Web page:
Formula 1 is set to discuss the possibility of introducing a revised four-part qualifying format for 2019.
The new system would see the current format fundamentally retained, though split into four sessions rather than three.
Each part of qualifying would then be shorter, with four cars eliminated at the end of each, leaving just eight to progress into the final shootout for pole.
Those who don’t make the final part of qualifying would have a choice of tyre, leaving two additional cars with a free choice for Sunday’s race.
It would also increase the risk for leading teams if they chose to gamble on a set of slower tyres to save rubber for later in the session.
It’s thought the revised format would help boost the excitement of qualifying and help spark better racing by producing more unpredictable grids.
The discussion, set to be held at the next Strategy Group meeting, is being driven by F1 itself and comes off the back of market research the sport has been conducting.
“It’s more something that’s come from F1,”explained F1 race director Charlie Whiting.
“They’ve been doing a lot of research among fans, and they feel this is one of the things that the fans would like.
“Slightly shorter sessions, slightly shorter time between them, four go out in Q1, four, four, leaving eight. I personally think it’s quite a nice idea, but that’s not my decision.”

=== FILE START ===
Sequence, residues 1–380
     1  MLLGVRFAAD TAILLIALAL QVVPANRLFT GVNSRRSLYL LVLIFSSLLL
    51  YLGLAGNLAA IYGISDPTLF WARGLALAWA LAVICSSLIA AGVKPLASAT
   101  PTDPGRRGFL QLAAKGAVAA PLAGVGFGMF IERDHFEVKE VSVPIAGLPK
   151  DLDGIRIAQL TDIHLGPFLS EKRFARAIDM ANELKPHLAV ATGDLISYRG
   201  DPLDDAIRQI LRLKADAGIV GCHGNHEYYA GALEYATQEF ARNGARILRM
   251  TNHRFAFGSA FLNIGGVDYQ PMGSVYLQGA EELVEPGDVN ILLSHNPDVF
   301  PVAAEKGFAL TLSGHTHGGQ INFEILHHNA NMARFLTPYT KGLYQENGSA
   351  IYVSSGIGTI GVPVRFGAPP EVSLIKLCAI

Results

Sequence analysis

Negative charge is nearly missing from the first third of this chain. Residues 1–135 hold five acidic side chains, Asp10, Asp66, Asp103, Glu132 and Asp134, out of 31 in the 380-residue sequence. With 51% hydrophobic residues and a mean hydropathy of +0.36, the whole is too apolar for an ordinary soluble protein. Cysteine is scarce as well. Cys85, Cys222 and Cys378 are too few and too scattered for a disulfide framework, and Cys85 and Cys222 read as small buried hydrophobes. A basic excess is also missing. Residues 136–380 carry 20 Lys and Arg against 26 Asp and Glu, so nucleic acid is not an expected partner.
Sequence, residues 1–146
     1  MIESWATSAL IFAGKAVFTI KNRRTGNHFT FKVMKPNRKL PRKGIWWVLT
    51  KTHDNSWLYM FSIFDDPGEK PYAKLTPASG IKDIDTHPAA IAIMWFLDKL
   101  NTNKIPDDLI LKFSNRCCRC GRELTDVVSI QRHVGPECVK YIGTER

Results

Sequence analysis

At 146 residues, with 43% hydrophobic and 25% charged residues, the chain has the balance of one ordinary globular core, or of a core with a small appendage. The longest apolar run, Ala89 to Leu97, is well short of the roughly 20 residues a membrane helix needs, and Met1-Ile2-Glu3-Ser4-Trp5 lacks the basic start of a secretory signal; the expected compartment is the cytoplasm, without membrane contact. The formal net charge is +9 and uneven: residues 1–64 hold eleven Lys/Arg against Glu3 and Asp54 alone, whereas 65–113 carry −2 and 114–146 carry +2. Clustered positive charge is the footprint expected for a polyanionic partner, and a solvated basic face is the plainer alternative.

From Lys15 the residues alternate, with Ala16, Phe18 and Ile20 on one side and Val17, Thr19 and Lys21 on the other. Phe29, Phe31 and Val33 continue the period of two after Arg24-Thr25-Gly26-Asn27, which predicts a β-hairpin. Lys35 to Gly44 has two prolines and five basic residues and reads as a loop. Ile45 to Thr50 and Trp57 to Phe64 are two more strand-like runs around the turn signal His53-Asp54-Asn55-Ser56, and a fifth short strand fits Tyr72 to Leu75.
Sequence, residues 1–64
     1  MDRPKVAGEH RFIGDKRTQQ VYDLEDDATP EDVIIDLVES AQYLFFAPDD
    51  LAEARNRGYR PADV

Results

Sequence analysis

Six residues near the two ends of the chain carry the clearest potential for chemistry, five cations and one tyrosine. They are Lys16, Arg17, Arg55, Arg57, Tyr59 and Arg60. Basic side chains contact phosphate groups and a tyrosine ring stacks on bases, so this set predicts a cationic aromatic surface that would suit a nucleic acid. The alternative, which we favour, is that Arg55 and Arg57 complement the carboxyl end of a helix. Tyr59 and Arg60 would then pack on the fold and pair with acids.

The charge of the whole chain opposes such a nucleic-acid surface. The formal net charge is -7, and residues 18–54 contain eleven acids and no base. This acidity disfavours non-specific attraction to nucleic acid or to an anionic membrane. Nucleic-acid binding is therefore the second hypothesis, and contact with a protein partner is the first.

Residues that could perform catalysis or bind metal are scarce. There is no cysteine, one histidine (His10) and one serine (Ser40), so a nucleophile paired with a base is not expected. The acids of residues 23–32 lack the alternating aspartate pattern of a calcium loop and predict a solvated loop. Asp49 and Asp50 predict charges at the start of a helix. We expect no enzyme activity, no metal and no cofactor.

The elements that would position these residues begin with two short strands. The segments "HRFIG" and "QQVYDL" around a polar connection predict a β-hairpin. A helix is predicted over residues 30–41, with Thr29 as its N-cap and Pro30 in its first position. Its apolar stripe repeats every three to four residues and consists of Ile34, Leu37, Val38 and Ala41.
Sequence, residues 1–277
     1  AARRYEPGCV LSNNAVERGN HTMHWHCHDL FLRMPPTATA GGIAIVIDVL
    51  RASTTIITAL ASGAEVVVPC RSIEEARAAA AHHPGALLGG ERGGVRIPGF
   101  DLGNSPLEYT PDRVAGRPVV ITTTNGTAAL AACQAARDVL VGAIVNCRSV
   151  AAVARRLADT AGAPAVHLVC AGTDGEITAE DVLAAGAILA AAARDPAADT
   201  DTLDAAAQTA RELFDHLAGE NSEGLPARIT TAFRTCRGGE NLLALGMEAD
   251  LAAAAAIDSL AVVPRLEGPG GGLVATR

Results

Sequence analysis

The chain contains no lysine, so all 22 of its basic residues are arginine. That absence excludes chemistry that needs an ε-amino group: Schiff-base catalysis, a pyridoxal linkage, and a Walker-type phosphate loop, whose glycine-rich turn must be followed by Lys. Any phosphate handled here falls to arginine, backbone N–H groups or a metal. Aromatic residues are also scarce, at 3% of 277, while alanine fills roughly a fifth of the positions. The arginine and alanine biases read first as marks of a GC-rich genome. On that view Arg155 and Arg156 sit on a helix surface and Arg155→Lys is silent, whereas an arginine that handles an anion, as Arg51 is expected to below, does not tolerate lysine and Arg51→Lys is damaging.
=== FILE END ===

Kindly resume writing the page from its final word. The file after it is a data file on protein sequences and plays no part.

A revised format would have implications on tyre allocation, with discussions also likely to cover off whether changes would need to be made to the number of sets teams have available.
“Our next action is to see exactly what would be required,” said Whiting.
“I can’t honestly remember what Q4 was in length – I think it was 10 minutes – and thus whether or not you could do two runs with two sets of tyres in Q4. That’s something that needs to be looked at carefully.”
F1 moved away from the current format at the start of 2016 with a complicated and unpopular knock-out style process that was abandoned after just two races.
The current, three-part style format was introduced in 2006 with a number of tweaks, primarily to session length, in the years since.